Created in the spirit of TED’s mission, “ideas worth spreading,” the TEDx program is designed to give communities, organizations and individuals the opportunity to stimulate dialogue through TED-like experiences at the local level.
With TEDxSydney on again at the Opera House in just over two months, we wondered what those presenting might be feeling. Miki Adderley, an Aussie who now resides in Switzerland, has just been through the whole experience, presenting at TEDxZurich in October last year.
Miki, a mechanical engineer, has let her curiosity take her to some exciting new places for someone whose job is about being rational and safe. She has done some amazing things, and we count presenting at TEDx among them.
Miki was invited to present in Zurich when she made initial enquiries about being a volunteer. As she revealed she might not be contactable for a few weeks because she was going to be learning how to wing walk, having already done aerial silking in a variety of places including off a hot air balloon, there was the suggestion by the organisers that people might like to hear about it. I wondered what it was like to share her story on the TEDx stage.
Miki’s presentation (see below link) takes you through her aerial adventures, but she revealed that presenting at TEDx was far scarier than any of the adrenalin pounding activities she usually sought out. In high school Miki had always dreaded public speaking and it was only that the invitation to present was too thrilling an opportunity that convinced her she had to say yes.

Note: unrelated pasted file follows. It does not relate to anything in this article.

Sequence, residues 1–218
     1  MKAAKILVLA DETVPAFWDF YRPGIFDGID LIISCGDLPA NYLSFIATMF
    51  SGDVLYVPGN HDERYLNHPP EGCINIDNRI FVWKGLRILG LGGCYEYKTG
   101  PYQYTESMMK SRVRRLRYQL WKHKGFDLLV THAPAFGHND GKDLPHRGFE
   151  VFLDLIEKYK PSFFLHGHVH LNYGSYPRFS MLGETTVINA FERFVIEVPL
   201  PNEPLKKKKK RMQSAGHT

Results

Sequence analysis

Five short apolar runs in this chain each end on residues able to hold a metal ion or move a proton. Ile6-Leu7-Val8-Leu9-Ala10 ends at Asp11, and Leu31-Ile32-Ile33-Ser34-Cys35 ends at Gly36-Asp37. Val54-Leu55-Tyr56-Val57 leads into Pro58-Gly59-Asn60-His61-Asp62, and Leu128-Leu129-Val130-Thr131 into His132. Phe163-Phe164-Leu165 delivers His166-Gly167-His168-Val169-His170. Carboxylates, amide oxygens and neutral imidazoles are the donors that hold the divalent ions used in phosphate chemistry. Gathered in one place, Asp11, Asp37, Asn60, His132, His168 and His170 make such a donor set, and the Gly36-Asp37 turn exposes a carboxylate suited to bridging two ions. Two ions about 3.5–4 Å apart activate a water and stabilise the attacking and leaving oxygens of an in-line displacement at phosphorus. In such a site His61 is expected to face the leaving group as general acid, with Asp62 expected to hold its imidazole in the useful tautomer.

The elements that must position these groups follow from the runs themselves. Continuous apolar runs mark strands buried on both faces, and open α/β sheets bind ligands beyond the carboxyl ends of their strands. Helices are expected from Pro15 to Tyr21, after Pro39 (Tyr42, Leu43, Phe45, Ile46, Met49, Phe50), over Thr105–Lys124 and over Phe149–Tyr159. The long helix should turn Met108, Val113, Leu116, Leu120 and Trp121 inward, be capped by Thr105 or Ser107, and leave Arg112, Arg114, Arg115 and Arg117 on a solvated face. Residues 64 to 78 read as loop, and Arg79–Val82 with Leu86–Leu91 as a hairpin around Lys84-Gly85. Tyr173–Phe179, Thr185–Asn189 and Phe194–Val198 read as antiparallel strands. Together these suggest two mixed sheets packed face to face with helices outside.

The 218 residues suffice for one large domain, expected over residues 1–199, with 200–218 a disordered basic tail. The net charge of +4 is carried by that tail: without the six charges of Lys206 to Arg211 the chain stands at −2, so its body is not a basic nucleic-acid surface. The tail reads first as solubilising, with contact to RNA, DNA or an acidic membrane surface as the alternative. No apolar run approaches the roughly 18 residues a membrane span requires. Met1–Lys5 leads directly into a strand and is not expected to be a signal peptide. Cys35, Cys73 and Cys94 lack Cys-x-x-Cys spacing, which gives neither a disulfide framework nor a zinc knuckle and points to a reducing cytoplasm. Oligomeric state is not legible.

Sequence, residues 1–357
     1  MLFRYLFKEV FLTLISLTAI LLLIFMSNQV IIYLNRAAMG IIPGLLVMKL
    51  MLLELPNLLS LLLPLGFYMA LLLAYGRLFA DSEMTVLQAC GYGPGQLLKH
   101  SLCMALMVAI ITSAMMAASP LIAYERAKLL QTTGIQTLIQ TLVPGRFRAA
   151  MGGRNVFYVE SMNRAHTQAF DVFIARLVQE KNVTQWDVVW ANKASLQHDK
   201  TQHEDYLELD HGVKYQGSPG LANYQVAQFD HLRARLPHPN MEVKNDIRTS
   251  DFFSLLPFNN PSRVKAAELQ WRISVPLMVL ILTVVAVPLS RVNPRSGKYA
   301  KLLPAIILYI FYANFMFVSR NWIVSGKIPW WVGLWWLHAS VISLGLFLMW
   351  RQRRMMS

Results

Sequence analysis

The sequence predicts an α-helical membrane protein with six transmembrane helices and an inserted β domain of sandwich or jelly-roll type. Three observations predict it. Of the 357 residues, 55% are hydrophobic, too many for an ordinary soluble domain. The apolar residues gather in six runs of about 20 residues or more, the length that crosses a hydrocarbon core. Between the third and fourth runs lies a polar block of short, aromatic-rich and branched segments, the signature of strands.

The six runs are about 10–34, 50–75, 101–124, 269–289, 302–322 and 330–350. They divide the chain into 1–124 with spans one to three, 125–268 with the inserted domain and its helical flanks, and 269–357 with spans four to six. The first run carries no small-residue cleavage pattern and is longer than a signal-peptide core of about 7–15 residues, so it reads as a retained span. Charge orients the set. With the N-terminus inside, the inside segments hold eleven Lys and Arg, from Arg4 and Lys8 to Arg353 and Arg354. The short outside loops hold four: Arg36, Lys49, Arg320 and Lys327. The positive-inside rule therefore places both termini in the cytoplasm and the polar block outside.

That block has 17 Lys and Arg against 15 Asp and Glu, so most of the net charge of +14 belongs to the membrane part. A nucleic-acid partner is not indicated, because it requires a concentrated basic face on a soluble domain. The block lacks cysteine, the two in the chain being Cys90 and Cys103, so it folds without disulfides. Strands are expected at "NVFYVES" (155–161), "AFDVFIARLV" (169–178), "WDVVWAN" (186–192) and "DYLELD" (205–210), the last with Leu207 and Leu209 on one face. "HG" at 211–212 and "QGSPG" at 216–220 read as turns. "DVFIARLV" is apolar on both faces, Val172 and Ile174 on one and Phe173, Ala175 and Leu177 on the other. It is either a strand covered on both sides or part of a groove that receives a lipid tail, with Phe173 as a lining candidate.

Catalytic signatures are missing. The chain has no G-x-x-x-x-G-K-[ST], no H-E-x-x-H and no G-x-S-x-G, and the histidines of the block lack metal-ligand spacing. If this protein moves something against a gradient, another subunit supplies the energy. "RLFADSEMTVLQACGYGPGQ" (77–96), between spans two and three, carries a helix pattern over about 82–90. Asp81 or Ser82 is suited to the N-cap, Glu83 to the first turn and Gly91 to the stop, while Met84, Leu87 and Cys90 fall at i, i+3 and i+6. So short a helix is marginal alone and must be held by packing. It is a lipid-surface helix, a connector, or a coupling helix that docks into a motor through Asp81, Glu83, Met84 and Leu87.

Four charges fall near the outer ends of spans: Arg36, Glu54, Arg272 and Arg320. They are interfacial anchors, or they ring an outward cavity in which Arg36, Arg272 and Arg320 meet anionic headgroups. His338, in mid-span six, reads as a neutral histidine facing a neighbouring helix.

Her number one tip for presenters: “Practice, practice, practice, in every way possible, then practice some more”. The pressure, real or imagined, is on at TEDx with not only a live audience but recordings of presentations being made for the ongoing dissemination of ideas worth spreading long after the event itself has finished.
In learning how to tell some of her story, the process of distilling it to “the absolute essence and passion” was harder work than she had expected. Working on doing that well gave her great respect for those who make it look easy. She advises eliminating redundancies, that shorter is better, and practice again and again.
Asked if she had any tips for those attending as audience members, Miki commented that the audience members are another highlight of TEDx. Her suggestion is to talk to everyone, and if they aren’t chatty, move on to the next person. “This is the kind of crowd that is a pleasure to spend time with, so don’t miss out on them!”
TEDxSydney is on again. Saturday 26th April 2014 at the Sydney Opera House. Speakers and performers will be announced in March. While you are waiting for the announcement, why not catch up on some of the other great ideas that are already available online. The TED website is a great place to start surfing ideas.
We don’t know yet who will be sharing ideas to excite, inspire and challenge at TEDx in Sydney….but as Miki suggests, just being there and talking to the people you meet is well worth it. Enjoy.
Miki Adderley’s presentation at TEDx Zurich 2013: www.tedxzurich.com/speaker/miki-adderley/
TEDxSydney website: tedxsydney.com/
TED website: new.ted.com/